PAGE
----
940 Douglas



940 Douglas
2 7t h A n n u a l H i s t o r i c E l g i n H o u s e T o u r
940 Douglas Avenue
Prairie Style
his magnificent home was built in 1917 for Sol
Eppenstein, who along with his brother, Max,
and Thomas Duncan founded the Illinois
Watch Case Co. in 1888. The firm was induced
to move to Elgin in 1890 by local investors who promised
them land and assistance in building a plant.
The factory still stands at the corner of Dundee and
Slade avenues. The watch case company was a huge success and along with the Elgin National Watch Co., made
our town a city built on time.
Sol’s wife, Becky, died the year after the home was finished. In 1926, the couple’s nephew, Louis Eppenstein,
purchased the house. He was also connected with the
watch case company. A series of prominent Elginites
owned the home after him.
Lee and Laura Anderson moved to 940 Douglas from a
modern house in West Dundee. Laura first visited the home
in 1985 on the Historic House Tour. Six years later she
approached the owner about purchasing the property. As it
turned out, he’d been there 25 years and wanted to sell.
Laura admired the home’s proportions and spaciousness,
and knew its generous scale would suit the couple’s collection of Victorian-era antiques. The house is also near
Elgin Academy, where the Andersons’ two grown children
attended school. Laura has served on Elgin Academy’s
board for 20 years. She grew up in an old house in
Webster City, Iowa, and had always loved old houses and
antiques. She furthered her knowledge of antiques while
working for an antique dealer in Chicago.
Lee, from Wisconsin and later Tulsa,
Oklahoma, is the developer of FullCalc picture-framing software, used in frame shops
across the country. He was president of
Elgin-based LeeWards, a craft-supply retailer which is no longer in business, and later
owned Creative Expressions, a chain of
craft stores in the midwest. Lee and Laura
met while working at LeeWards.
After taking possession in April 1992,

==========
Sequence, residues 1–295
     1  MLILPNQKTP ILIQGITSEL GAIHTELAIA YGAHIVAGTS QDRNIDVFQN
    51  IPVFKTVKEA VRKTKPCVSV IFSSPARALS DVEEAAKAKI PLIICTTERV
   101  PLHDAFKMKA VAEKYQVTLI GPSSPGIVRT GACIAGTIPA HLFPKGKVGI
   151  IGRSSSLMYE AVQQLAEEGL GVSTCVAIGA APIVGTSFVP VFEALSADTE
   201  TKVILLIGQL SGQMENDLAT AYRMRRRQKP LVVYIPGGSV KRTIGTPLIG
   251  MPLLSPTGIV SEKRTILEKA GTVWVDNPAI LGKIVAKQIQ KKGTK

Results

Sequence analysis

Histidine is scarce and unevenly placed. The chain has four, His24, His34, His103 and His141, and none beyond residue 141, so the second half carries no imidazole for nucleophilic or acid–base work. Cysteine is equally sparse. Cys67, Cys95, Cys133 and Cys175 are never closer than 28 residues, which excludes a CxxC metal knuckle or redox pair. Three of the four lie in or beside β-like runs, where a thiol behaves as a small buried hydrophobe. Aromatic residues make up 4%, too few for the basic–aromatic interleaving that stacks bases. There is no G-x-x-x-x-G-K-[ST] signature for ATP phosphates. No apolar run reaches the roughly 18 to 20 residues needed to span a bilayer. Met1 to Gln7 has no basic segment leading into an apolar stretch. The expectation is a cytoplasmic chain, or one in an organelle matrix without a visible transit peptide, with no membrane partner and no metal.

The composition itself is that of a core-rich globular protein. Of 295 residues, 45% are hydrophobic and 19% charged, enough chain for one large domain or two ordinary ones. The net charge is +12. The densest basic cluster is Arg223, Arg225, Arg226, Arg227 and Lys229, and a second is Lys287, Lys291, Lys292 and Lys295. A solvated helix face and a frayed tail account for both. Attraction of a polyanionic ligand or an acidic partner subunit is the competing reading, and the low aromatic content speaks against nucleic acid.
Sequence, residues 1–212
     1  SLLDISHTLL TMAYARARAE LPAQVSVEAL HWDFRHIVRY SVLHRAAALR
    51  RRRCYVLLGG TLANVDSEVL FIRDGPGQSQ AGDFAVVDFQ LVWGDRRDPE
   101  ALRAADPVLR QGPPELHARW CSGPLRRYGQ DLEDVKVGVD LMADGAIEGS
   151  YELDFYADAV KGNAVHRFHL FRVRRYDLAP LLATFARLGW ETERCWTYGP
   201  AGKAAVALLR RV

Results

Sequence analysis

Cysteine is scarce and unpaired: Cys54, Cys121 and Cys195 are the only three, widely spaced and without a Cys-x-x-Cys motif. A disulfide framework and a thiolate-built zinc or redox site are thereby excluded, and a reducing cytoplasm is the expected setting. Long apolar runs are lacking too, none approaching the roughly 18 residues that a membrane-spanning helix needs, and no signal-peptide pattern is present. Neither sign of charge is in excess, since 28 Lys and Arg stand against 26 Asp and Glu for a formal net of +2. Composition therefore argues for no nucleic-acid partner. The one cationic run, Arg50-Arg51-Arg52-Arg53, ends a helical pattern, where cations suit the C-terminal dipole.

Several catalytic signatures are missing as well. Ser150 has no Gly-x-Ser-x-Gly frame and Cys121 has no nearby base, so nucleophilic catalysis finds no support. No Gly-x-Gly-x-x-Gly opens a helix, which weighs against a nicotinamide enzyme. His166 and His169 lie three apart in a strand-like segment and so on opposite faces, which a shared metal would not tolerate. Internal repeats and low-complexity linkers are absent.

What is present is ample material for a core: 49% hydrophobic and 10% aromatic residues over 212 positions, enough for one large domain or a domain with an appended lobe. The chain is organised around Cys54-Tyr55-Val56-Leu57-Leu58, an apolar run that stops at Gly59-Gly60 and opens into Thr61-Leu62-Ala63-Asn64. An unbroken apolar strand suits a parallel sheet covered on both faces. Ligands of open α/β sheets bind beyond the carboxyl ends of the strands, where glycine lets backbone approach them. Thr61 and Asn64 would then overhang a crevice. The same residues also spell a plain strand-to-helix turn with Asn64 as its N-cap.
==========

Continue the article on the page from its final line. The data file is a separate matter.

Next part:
the Andersons began a six-month-long,
intensive rehab of the home. Laura says
25 workers began their jobs immediately.
The entire house, top to bottom, was
cleaned, painted, polished, refinished,
remodeled, restored, upgraded and rendered into superb condition.
The couple put in new electrical wiring
and plumbing, a completely new kitchen
and a security system. They removed
asphalt shingles from the south side of the house, replacing them with historically accurate clay tiles from
Ludowici Roof Tile in Ohio. A SpacePak air conditioning
system was installed. They reglazed all 177 windows. Each
piece of the home’s brass hardware was removed, stripped,
polished and put back into place. The Andersons added
two more bathrooms, and put radiant heat floors in the
kitchen and all of the bathrooms.
Outside there has been no shortage of effort. The property
covers three city lots. Laura, who owns a business called
Gardens by Design, gradually designed all of the landscaping,
putting a formal perennial garden in place by about 1998.
Architectural Notes
This house was designed by Elgin architect George E.
Morris, whose career spanned the first half of the 20th century. Morris was noted for exquisitely detailed buildings such
as the Elks Club, Wait-Ross-Allanson Funeral parlor and the
home at 900 W. Highland Ave. — the latter was featured on
last year’s tour. He also designed 420 Douglas Ave., which
although smaller, is similar in appearance to this home.
The design of 940 Douglas is basically Prairie style, based
on the low hipped roof, wide overhanging eaves and overall
horizontal emphasis. However, there are touches of the
much less common Italian Renaissance style, which features
the above-mentioned elements plus tile roofs, largely symmetrical façades, brick wall cladding, arched windows and
entryways, and multi-paned windows. Italian Renaissance
style was popular from about 1890 to 1935, and was usually
found in higher-end, custom-designed buildings.